State Medicaid spending rose just 2.7 percent in state fiscal year 2014, when health reform’s Medicaid expansion took effect in more than half of the states, a new report from the National Association of State Budget Officers (NASBO) estimates. Along with Kaiser Family Foundation projections that state Medicaid spending in fiscal year 2015 (which began July 1 in most states) will grow more slowly in states that have expanded Medicaid than in the others, the NASBO report provides evidence that the Medicaid expansion isn’t hurting state budgets.
Both reports note a significant rise in total Medicaid spending — federal plus state — in fiscal year 2014 as 27 states plus Washington, D.C. extended eligibility to most people with incomes up to 138 percent of the poverty line. Kaiser projects a 14 percent increase in total Medicaid spending in fiscal year 2015.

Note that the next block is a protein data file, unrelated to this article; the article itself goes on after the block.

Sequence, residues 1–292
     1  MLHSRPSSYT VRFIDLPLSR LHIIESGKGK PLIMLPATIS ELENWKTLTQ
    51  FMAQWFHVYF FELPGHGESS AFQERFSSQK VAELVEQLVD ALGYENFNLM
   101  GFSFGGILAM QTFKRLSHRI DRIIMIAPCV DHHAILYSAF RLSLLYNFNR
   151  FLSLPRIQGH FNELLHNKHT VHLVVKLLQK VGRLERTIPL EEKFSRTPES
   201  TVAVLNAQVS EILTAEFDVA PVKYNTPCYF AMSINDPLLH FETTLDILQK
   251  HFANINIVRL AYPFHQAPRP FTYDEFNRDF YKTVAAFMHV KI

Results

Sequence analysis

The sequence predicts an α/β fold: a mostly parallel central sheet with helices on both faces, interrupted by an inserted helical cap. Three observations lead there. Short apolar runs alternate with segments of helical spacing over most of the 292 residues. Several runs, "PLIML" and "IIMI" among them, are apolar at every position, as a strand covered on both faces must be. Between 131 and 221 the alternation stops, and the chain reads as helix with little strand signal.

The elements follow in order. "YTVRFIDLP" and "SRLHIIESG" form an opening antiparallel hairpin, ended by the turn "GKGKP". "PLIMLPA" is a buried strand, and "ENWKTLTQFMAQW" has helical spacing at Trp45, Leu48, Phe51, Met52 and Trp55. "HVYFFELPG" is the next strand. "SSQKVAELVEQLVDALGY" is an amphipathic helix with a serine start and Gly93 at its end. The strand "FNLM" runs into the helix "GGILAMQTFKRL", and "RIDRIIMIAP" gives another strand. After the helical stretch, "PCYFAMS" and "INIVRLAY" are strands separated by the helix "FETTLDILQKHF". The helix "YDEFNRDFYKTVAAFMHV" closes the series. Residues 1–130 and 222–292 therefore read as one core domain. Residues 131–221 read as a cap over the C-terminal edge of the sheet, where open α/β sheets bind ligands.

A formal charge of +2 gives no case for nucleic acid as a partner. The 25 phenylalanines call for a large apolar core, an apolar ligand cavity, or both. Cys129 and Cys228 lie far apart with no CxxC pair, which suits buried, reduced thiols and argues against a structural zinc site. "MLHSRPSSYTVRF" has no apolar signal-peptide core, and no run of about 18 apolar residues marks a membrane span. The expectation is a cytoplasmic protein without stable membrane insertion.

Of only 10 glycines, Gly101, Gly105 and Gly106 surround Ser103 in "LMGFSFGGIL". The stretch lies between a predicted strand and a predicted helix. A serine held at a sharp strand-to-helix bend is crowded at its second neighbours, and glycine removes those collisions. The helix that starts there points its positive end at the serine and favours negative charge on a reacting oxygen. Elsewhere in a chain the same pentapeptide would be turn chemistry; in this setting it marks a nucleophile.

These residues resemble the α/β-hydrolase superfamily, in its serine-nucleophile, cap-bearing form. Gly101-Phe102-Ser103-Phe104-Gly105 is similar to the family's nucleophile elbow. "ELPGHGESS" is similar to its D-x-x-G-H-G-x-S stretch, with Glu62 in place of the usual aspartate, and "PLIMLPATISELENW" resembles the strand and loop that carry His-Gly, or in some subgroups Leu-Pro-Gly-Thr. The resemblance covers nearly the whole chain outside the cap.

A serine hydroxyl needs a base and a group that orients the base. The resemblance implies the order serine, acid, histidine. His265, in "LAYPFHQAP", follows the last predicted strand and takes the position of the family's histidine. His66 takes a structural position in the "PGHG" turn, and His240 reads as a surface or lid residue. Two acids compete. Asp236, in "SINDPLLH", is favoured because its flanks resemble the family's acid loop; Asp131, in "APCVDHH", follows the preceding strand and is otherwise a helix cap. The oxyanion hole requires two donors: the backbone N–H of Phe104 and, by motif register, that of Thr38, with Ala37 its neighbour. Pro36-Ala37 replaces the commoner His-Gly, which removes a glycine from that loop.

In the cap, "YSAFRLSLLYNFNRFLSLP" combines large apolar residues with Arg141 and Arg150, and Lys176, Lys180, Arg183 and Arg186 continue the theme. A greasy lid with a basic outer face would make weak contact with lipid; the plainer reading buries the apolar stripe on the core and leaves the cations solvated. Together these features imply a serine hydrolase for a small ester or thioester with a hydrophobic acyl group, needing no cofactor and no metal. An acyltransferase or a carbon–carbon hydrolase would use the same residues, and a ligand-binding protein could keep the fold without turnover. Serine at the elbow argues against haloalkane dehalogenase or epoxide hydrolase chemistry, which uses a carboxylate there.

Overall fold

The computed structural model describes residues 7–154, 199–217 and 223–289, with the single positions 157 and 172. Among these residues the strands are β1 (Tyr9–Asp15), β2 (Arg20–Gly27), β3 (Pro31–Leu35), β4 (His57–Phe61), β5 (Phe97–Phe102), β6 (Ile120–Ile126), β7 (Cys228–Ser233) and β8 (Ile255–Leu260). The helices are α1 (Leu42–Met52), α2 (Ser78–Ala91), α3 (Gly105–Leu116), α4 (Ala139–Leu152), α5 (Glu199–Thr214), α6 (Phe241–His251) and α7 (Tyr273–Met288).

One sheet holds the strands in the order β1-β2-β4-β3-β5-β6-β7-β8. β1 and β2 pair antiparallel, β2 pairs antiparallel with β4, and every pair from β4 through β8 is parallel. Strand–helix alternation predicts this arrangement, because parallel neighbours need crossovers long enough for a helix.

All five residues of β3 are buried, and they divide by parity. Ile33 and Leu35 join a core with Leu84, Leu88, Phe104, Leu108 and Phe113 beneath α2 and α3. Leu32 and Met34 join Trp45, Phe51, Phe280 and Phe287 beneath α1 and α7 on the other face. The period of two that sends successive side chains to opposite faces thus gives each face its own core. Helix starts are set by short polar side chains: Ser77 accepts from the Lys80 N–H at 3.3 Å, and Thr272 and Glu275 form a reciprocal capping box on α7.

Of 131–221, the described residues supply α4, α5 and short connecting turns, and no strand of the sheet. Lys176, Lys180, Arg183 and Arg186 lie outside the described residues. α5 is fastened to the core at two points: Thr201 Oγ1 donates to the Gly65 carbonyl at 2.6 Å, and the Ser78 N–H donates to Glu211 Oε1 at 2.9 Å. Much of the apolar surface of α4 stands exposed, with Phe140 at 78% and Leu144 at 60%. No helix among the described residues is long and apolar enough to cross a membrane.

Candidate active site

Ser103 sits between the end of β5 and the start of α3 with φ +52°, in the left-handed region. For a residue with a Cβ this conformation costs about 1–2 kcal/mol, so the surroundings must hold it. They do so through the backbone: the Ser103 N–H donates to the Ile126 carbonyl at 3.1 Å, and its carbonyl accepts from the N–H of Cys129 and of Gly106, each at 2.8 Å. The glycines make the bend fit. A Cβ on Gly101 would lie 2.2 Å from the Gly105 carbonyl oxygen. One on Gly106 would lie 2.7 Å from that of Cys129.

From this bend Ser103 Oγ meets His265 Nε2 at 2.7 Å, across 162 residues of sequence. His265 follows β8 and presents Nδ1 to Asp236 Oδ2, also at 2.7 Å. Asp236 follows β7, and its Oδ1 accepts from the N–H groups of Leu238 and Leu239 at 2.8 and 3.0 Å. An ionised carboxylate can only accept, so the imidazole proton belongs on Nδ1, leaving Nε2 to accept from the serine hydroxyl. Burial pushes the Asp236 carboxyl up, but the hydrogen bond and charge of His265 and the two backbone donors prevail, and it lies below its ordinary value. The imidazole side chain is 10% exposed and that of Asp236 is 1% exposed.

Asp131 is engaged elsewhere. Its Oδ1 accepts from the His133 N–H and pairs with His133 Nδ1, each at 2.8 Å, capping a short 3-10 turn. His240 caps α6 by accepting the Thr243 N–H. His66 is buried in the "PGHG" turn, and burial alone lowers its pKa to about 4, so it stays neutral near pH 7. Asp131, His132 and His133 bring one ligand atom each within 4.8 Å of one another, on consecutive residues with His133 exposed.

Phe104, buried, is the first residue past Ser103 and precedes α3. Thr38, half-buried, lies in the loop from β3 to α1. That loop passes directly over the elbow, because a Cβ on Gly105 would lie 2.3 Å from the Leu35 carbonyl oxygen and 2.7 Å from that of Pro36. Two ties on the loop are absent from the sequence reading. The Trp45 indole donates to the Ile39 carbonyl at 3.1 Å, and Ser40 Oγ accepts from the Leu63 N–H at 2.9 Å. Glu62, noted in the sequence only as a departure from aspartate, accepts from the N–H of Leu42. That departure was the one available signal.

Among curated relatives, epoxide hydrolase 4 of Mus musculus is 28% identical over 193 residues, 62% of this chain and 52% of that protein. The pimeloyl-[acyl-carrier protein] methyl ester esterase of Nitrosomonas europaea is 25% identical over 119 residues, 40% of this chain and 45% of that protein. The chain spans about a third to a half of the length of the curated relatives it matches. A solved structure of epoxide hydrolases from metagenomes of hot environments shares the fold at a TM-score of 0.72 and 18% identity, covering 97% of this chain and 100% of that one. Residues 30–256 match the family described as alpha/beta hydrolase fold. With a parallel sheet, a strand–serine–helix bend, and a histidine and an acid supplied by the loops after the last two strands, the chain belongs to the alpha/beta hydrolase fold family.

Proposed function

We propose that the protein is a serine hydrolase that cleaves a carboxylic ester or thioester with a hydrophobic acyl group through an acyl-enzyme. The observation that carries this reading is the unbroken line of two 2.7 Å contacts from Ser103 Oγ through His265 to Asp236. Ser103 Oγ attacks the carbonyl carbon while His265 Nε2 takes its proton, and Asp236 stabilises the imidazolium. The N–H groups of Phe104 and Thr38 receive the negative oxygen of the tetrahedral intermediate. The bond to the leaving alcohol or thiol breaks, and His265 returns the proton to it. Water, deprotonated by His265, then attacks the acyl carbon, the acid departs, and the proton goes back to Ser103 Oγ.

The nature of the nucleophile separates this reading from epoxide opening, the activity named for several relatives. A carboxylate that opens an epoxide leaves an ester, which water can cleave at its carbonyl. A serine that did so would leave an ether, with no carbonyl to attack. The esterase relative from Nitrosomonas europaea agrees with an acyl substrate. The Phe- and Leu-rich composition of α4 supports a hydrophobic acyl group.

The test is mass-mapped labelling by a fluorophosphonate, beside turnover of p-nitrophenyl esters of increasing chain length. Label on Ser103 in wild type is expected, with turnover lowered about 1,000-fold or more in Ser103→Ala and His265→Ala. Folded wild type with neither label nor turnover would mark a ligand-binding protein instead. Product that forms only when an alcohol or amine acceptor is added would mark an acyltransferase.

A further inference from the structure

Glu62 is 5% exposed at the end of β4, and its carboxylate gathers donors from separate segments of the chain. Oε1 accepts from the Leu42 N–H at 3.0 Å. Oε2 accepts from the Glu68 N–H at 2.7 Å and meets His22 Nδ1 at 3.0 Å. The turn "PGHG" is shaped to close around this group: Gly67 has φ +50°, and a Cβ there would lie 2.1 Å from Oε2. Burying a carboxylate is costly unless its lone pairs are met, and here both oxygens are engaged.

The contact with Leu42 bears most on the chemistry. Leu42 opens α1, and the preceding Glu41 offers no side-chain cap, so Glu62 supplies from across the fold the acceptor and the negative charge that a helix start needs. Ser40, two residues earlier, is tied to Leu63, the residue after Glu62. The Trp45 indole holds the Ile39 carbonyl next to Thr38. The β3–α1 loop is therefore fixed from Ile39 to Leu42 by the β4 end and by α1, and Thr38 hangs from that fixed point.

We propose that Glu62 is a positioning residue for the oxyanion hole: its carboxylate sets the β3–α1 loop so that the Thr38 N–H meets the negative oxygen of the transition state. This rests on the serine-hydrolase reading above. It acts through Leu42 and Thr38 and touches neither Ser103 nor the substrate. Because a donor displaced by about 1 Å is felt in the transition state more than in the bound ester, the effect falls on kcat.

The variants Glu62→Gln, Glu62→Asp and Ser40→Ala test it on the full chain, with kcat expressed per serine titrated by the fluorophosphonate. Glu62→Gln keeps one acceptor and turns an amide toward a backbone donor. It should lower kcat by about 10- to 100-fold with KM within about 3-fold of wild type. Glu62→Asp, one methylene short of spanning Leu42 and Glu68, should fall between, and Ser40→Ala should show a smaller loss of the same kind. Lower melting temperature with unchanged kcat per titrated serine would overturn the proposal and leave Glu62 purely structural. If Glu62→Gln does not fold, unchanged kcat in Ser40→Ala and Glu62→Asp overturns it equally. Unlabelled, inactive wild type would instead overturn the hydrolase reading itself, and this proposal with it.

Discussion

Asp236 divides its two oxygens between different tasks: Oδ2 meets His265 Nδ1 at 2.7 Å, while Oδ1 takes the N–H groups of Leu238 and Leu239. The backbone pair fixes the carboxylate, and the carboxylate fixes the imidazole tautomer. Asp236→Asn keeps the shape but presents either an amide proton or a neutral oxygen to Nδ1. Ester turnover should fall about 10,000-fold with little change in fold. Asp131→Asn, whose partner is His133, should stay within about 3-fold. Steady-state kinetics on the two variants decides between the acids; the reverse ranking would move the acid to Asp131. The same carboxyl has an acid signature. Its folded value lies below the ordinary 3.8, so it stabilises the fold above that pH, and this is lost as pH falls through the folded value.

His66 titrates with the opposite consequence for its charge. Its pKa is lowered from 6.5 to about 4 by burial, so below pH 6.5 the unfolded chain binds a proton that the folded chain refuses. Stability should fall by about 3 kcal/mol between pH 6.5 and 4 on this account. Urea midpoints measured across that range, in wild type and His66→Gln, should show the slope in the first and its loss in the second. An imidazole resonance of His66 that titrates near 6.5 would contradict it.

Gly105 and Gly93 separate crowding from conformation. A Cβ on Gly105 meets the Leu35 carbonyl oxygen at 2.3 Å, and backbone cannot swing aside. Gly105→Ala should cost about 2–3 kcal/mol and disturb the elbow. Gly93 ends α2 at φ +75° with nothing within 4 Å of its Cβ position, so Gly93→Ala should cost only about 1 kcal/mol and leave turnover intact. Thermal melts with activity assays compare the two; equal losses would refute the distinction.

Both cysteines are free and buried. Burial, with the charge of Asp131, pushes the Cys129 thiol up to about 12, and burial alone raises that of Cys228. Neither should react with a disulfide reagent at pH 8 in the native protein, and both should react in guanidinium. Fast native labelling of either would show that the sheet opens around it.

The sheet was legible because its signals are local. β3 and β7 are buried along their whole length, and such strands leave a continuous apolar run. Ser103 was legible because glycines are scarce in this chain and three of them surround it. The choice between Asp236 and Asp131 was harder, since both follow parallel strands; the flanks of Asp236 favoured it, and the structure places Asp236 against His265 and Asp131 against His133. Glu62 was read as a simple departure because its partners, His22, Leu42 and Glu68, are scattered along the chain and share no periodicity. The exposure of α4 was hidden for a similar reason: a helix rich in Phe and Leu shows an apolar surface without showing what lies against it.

But since the federal government covers the entire cost through 2016 of covering people newly eligible for Medicaid due to the expansion (and no less than 90 percent after that), the story on state Medicaid spending is different. Kaiser projects a 4.4 percent increase this fiscal year for Medicaid expansion states and a 6.8 percent increase for non-expansion states.
The NASBO and Kaiser reports focus on state Medicaid budgets, but Kaiser notes that expansion states will likely realize savings outside Medicaid, including in mental health, corrections, and state-funded programs for the uninsured.
As state legislative sessions approach, policymakers in a number of the 22 states that have yet to expand Medicaid are taking a fresh look. Governors in Wyoming and Utah last week released details of their expansion plans. These and other states considering the Medicaid expansion should note the mounting evidence that it’s no budget buster.